Rocco Balsamo


Getting Paid To Learn: The Online Tech Teaching Hustle

Paying for education is so 1999.

A few months ago, I put out a course about Google Chrome Developer Tools on Udemy. This article is a bit of an update, with some thoughts about the learning that I was able to achieve in the process of creating the course.

I believe that you can do the same, and make money while making the world a better place.

Creating my First Course

The course creation process was definitely not free. I bought the top five courses in the subject, and paid for a good microphone and screen recording software. I go into the costs in depth at the end of my original article about Udemy, but the gist is that it cost me more than $4K to produce my course if I value my time at $100/hr.

Here’s my earnings chart for the course, two+ months after release.

Don’t worry about the downward trend. It’s because we’re only a few days into June.

My results are definitely not typical for a first time instructor. I’ve talked with another successful instructor on Udemy and he said that he earned significantly less in his first few months. The trick was that I was able to find a subject in which:

  • I had lots of experience.
  • had other classes that were outdated or just plain introductory.
  • had other classes that were making significant sales.

For a month, I checked the number of enrollments each day on each of the competing courses and tracked the sales on a spreadsheet. FYI, this is better than looking at the total number of students, because some instructors are known to give out lots of free coupons to get their courses off the ground at the beginning. (BTW, I do not give out free coupons publicly).

Positive Externalities

I mentioned that I value my time at a high rate, and that the R&D and recording for the course took a significant amount of time. But what else did I gain from the course creation process?

I got smarter.

I became a true expert on the topic. By reading documentation, experimenting, and watching other people’s courses, I got a full 360 view on how to use Google Chrome Developer tools. This helped me improve at my job as a software engineer, and share my knowledge with other engineers that I work with.

Back in the Day

Back when I was in college, I was a scam artist. I gamed the system. I figured out how to get the highest possible GPA with the least amount of work. I figured out how to use projects for multiple courses at the same time and I would blow off studying for a test if I knew that I had a 97 average in the class and a 90 would still get me an A.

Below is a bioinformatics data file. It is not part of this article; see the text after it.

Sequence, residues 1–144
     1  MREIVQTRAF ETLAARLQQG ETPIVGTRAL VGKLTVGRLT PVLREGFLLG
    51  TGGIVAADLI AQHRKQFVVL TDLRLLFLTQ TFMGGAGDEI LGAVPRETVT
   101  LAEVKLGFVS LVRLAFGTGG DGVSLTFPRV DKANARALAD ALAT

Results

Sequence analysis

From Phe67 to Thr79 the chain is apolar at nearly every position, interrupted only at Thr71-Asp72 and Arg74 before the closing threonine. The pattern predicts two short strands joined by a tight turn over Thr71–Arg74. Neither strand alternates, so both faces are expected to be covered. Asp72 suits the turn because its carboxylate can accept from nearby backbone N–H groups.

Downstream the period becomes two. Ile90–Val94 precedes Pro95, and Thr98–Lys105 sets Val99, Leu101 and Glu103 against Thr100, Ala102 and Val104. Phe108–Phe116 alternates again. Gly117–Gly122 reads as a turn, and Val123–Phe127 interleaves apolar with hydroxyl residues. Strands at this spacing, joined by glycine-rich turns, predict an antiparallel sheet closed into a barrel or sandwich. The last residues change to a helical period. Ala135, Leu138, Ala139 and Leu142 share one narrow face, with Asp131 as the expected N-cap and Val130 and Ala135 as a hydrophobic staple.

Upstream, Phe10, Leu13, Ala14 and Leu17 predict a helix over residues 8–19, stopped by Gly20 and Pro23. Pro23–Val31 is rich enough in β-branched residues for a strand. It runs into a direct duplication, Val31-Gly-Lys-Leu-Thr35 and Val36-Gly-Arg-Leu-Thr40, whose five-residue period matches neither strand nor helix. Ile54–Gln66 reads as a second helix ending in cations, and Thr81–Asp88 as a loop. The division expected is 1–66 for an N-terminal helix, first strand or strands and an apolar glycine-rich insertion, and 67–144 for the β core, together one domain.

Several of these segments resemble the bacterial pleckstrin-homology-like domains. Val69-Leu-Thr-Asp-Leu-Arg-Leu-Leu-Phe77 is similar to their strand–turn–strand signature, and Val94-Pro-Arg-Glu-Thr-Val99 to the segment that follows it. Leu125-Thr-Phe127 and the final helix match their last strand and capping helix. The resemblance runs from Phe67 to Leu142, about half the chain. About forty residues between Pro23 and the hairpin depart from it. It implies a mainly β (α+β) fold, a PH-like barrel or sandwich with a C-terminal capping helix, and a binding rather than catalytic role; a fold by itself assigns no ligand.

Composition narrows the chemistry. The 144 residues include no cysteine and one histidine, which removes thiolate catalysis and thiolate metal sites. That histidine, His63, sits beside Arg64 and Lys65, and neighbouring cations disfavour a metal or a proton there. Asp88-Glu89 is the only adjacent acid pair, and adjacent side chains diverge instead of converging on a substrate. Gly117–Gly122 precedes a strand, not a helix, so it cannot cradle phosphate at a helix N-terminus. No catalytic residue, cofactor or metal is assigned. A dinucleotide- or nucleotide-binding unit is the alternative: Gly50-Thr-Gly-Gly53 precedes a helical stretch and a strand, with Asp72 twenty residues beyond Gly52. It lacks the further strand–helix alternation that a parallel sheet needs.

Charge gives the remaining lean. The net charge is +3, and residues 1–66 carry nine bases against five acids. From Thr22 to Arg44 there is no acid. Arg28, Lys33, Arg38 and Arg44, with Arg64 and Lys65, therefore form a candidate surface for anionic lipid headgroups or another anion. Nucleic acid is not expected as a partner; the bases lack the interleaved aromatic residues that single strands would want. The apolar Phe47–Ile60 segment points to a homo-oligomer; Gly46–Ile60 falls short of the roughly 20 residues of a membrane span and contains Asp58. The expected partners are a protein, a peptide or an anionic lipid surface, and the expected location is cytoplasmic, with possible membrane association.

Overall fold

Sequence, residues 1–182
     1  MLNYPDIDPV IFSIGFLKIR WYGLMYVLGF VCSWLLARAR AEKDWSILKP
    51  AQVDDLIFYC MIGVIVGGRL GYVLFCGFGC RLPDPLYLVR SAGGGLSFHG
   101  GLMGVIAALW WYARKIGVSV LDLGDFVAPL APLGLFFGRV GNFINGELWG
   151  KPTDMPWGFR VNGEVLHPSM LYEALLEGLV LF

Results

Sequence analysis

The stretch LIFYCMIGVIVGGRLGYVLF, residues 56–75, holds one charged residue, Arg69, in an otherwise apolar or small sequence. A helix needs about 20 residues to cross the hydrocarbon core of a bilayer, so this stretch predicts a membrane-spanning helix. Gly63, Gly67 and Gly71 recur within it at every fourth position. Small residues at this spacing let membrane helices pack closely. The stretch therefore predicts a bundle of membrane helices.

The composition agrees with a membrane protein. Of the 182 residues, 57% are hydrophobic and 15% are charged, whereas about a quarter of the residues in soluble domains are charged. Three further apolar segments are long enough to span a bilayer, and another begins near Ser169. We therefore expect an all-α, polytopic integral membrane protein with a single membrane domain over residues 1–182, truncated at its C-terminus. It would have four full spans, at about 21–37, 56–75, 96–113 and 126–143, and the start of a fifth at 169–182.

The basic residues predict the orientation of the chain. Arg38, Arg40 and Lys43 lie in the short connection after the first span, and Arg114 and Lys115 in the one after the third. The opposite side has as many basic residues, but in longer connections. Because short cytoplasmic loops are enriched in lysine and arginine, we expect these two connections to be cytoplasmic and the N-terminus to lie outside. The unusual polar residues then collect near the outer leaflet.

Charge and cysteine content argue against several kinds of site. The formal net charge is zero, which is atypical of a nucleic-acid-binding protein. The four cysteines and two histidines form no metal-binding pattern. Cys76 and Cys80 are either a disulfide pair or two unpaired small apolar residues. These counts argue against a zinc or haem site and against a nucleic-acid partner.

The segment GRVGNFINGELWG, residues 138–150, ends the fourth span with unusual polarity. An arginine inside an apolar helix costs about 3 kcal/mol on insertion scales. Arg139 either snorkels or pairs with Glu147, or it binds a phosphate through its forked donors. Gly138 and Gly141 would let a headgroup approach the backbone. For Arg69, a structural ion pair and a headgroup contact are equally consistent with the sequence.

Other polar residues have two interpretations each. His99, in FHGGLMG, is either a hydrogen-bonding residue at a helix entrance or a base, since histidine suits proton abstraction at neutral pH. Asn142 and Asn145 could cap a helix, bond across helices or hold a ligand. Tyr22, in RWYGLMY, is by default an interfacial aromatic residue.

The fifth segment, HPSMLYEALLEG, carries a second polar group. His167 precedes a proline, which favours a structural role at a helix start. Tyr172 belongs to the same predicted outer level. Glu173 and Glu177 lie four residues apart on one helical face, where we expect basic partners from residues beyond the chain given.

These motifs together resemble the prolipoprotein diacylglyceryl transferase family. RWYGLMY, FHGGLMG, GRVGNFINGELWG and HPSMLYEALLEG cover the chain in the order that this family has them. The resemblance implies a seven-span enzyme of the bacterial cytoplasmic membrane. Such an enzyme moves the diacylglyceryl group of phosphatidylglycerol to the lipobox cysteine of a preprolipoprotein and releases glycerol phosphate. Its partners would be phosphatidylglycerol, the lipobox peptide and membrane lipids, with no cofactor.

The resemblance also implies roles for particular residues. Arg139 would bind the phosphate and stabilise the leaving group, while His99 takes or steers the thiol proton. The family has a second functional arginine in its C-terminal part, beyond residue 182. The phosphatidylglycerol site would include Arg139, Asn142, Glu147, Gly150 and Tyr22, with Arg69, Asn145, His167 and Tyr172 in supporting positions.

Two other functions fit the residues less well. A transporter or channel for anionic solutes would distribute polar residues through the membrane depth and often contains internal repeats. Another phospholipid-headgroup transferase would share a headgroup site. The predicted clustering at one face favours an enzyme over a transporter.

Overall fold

But that all came to an end when it was time to be a teacher. I truly learned C++ when I taught a lab section of Computer Science II as a grad student. There was no way to finagle my way into being a good instructor. I had to truly understand the topic to teach it to others, and this was a wakeup call.

If you want to truly learn a topic, try to teach it.

What’s Next for Me

I recently gave up a great well paying software engineering job to start a company (TINT is hiring my replacement, BTW). I’m in semi-stealth mode right now, but there are many technologies where I will need to gain expertise. WebGL and Unity are two of them.

OK, this is lame PHP code, but you get the point.

As I have been learning about these, I’ve been keeping detailed notes and references. I’m considering making a course on WebGL with Unity because it will help me become an expert, and earn me some cash as I build out the main product for the company. Additionally, I can repurpose parts of the course content into articles and Youtube videos that will help me market the company.

Udemy Insights

If you’re creating a course for the sole purpose of learning, I’d say go for it. But don’t expect to make lots of sales unless you do your research and are smart about SEO.

Udemy recently released a new tool, called Insights (hint: you may need an account to access). The tool gives you a better idea about the student demand for certain types of courses.

Here’s the Insights page for Unity:

Essentially this says that there’s already a lot of good course content for Unity, but there’s also a ton of demand (100th percentile in search volume, meaning that this is the #1 subject searched for on Udemy).

Doing a straight up Unity course wouldn’t make sense. It would be way too much work, and the other courses are just too high quality for me to effectively compete. But what about WebGL with Unity? Let’s look at the insights chart for WebGL:

There are a low number of courses for WebGL, and frankly, I don’t even know if web developers are aware that they can create WebGL content with Unity. They might buy the course, just out of curiosity, when searching to do WebGL another way (with a library like three.js or similar).

This is my topic!

I will learn and get paid for it. I challenge you to do the same.

Join the WebAssembly Revolution

I’m building some really cool sh** right now. I would love to keep posted about my company (and courses!) as things progress. Join my email list to be the first to know.

P. S. If you’re interested in Chrome Developer Tools, get my class for only $10. Good till June 8, 2017.

Did you learn something new today? Please 💚 and follow me. It gives me lots of motivation to write more articles like this.

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